Complementary Medicine and Cancer
Is the complementary approach a new model for Western medicine?
Complementary Medicine's New Converts
For hardened skeptics, phrases like "traditional healing techniques" and "alternative medicine" conjure up images of magic crystals and the smell of incense. But in fact, the people researching complementary medicine -- and sometimes even practicing it -- are likely to be wearing lab coats.
"The people doing this work are not crackpots," says Heather S. Shaw, MD, co-director of the Integrative Oncology Program at Duke University. "I'm an oncologist and I spend a lot of my time parked on a laboratory bench doing research."
Indeed, hospitals with complementary medicine divisions are spearheading research. Experts are using the same rigor in evaluating complementary therapies that they would in testing drugs or surgery. It's not enough to assume that a treatment works just because it's been used for thousands of years. Doctors want evidence.
After seeing the benefits of complementary medicine, many doubting oncologists have been convinced.
"My colleagues used to think I was nuts," Shaw says. "They teased me about prescribing so-called 'herbs and spices'." But now her fellow doctors are always asking her advice on new ways to help their patients.
The Integrative Approach: Is It Proven?
Of course, here's the big question: do we know if complementary medicine really works?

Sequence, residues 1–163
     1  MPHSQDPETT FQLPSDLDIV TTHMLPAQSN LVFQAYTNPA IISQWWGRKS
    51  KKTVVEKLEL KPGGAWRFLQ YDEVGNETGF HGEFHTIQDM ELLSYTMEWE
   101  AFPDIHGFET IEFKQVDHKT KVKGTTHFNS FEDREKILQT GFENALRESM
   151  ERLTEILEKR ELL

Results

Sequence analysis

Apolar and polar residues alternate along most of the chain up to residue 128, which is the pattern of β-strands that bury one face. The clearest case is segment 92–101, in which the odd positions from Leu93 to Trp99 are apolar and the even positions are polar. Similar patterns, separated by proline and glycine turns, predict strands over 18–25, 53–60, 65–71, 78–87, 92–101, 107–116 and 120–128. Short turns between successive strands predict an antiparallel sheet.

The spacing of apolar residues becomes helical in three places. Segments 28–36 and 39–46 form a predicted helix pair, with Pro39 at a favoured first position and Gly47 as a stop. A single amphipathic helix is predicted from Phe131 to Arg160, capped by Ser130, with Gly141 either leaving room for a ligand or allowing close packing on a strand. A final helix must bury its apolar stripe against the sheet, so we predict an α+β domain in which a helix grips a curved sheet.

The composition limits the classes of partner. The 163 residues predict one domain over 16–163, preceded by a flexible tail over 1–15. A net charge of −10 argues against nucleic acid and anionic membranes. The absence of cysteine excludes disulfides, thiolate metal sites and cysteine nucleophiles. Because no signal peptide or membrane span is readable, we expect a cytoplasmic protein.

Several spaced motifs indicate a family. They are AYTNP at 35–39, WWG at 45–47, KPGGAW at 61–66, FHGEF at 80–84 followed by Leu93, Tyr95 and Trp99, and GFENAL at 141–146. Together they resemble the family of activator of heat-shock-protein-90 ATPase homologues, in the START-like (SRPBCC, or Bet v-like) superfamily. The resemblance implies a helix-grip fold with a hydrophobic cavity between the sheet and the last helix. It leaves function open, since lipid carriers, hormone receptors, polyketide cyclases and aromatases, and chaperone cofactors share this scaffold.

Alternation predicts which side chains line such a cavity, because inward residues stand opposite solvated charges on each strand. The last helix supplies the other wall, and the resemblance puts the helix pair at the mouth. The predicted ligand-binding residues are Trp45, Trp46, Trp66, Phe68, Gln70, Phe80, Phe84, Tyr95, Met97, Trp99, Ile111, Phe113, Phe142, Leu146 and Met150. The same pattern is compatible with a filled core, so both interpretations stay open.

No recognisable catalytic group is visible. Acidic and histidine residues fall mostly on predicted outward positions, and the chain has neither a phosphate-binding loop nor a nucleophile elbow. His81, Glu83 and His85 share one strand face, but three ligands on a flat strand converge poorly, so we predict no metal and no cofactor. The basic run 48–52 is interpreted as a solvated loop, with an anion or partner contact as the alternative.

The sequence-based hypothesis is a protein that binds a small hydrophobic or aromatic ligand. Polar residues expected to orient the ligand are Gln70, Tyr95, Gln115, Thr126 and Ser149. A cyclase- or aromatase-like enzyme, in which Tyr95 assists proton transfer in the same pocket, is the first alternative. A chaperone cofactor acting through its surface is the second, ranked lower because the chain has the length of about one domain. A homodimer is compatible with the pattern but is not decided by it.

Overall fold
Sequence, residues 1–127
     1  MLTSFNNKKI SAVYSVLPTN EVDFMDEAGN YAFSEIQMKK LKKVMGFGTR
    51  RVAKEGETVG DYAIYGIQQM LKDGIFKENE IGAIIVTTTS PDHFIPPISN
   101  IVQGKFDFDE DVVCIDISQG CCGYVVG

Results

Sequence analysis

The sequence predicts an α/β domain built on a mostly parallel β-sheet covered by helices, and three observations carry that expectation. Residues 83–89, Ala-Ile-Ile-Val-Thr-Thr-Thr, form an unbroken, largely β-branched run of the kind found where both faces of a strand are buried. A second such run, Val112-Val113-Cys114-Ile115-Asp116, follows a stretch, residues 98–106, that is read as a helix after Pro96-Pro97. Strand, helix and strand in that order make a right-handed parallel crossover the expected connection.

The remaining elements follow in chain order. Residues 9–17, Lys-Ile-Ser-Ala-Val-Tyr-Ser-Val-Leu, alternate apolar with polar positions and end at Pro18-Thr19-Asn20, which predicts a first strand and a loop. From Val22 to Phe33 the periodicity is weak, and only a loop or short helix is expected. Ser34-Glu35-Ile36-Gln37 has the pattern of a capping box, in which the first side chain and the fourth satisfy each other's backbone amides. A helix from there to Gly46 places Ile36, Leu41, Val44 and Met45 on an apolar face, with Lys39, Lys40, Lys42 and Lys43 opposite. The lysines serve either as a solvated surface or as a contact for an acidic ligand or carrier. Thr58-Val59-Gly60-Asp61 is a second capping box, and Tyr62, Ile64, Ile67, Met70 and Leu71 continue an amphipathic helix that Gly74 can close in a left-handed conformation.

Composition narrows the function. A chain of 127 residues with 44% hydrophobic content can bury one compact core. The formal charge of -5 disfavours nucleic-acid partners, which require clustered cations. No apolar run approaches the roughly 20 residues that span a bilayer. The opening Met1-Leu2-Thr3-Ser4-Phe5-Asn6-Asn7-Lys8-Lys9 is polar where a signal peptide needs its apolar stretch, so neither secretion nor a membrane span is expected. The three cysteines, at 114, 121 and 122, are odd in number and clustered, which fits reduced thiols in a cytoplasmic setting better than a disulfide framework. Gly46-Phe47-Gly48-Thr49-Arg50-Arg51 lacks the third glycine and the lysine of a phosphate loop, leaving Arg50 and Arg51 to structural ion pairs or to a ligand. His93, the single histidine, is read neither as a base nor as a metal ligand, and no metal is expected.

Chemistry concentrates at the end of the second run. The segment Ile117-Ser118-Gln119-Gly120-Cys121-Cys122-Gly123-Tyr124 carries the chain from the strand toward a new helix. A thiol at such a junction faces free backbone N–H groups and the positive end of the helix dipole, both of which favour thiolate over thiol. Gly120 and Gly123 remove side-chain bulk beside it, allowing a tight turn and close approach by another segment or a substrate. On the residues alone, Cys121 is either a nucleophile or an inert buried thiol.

The answer: It depends on the specific treatment. Acupuncture and massage -- which not so long ago were considered pretty far-out -- have been shown to help. Many studies have shown that acupuncture eases chemotherapy nausea, while other studies suggest acupuncture and massage may reduce pain from cancer or its treatment.
"A lot of oncologists don't see acupuncture or massage as 'alternative medicine' anymore," says Shaw. "These therapies are so well established that they've become standard."
Other complementary techniques aren't as well researched. So when a treatment is unproven, the question is whether its potential benefits outweigh its risks. If it's risky, it isn't used. But if the risks are very, very low, doctors may be more open.
"If a treatment is safe but unproven, why not give it a try if the patient is interested?" says David S. Rosenthal, MD, medical director of the Center for Integrated Therapies at the Dana-Farber Cancer Institute.
Things get trickier with herbal and botanical supplements. Despite their wide popularity, few have been shown to be either safe or effective against cancer. On the other hand, some have been shown to be both ineffective and unsafe. One example is laetrile, which contains a substance found in the pits of some fruits. The active ingredient seems to be cyanide, and it has resulted in symptoms of cyanide poisoning. Some common supplements -- like St. John's wort and high doses of vitamin C -- can interact with chemotherapy and radiation.
"You have to be very careful with botanical and herbal supplements," says Zappa. "They are real drugs and we just don't know a lot about them." She hopes future research will show benefits. But for now, she and other experts urge caution. Given the risks, your doctor must know about all of the herbs, botanicals, and supplements you use.